Thanks-vember 16

16 Nov

I’m thankful for people who are enthusiastic about their jobs. People for whom a career is not just something you do 9-5, Monday – Friday, to get a paycheck. Specifically, I’m thankful for educators who are passionate and enthusiastic about what they do.

Example 1: My friend Ms. D teaches Drama and English at a local high school. Tonight I am going to see her drama kids perform a modern adaptation of a Commedia Del Arte play, A Doctor In Spite of Himself. She commissioned a local playwright to adapt and modernize the play for her students. She then spent hours designing, directing, and rehearsing the show. Not during school hours, but after school and on weekends. Remember, she is also teaching English, so she has other students. Papers to grade. Tests to create, administer, and score. But because she cares about what she does, because she enjoys it and wants her students to enjoy it as well, she puts in the extra time.

Example 2: My 3rd-grade student teaching partner and I met with our principal today to present the idea of a school garden. We want to create a school garden, in the vein of Alice Waters’ Edible Schoolyard. It’s an ambitious project, and we knew we would need a lot of teacher support. We presented the idea, and he loved it. He had ideas of his own to add, and after we left and were inspecting a possible garden site, he literally ran out of the office to tell us that another teacher would be interested in working with us. He obviously loves his job, and our school, and wants it to be the best place possible.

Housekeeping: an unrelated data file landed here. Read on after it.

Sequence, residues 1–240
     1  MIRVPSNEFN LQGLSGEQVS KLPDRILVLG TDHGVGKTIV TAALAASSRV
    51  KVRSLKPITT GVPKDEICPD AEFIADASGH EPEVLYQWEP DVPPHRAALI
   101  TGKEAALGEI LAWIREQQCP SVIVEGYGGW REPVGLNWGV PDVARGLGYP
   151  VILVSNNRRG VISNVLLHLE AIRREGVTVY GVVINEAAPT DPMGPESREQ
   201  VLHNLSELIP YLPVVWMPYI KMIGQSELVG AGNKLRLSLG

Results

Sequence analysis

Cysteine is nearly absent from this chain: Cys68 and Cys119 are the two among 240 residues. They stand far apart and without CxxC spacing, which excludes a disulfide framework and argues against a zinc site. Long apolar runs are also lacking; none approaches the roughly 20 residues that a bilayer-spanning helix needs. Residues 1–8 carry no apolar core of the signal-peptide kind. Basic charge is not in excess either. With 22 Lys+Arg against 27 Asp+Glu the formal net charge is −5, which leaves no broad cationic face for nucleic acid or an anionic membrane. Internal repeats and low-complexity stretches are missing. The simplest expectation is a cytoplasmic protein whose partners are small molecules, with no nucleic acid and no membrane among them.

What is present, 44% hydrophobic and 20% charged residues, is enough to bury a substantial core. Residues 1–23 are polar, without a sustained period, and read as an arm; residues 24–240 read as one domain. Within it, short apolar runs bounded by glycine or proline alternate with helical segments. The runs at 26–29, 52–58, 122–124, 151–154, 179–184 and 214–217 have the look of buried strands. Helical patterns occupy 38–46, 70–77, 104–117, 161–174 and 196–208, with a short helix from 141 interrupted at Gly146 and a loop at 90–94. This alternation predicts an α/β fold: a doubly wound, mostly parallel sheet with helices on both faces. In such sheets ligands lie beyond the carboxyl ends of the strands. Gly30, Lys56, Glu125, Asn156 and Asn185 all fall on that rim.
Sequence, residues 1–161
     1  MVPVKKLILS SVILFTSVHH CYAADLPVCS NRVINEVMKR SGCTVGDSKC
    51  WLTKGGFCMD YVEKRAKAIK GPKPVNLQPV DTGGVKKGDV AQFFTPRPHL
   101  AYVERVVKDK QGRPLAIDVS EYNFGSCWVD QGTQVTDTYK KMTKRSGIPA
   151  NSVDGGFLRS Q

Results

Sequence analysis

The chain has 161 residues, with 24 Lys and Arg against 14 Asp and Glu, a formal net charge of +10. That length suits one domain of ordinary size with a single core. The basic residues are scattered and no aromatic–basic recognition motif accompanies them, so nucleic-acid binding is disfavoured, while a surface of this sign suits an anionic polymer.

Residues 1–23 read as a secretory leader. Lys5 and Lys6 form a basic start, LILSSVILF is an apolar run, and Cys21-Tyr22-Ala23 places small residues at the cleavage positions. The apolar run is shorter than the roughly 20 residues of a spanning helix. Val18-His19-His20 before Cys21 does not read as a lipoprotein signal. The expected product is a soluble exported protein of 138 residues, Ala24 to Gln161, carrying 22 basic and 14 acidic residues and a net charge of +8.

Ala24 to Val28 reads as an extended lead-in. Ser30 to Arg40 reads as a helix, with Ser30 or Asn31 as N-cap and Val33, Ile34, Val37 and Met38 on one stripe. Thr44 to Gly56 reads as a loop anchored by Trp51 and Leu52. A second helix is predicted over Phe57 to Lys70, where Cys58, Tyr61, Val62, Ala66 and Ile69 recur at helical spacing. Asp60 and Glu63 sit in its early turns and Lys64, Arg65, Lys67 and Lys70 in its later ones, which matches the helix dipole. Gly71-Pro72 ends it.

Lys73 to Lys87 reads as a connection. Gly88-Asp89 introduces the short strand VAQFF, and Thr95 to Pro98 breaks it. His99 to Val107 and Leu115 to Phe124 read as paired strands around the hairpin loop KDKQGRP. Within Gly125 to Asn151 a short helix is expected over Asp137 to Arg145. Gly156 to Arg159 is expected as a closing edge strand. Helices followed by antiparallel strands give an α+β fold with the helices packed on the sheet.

I’m sure there are other professions in which people love their work to this extent, but when you work in education, passion pays off. Students respond to teachers who enjoy what they are doing. Teachers respond to principals and administrators who refuse to quit. Returning, if I may, to my post about the lecture given by Pasi Sahlberg, I believe that teachers who are passionate are more respected – because they clearly care about what they do. They can afford to be passionate because they have spent 5 or 6 years preparing to be teachers. They know that teaching is the place for them, and they work hard to get there.

What kind of education system could we have in the US if every teacher was passionate about their job?

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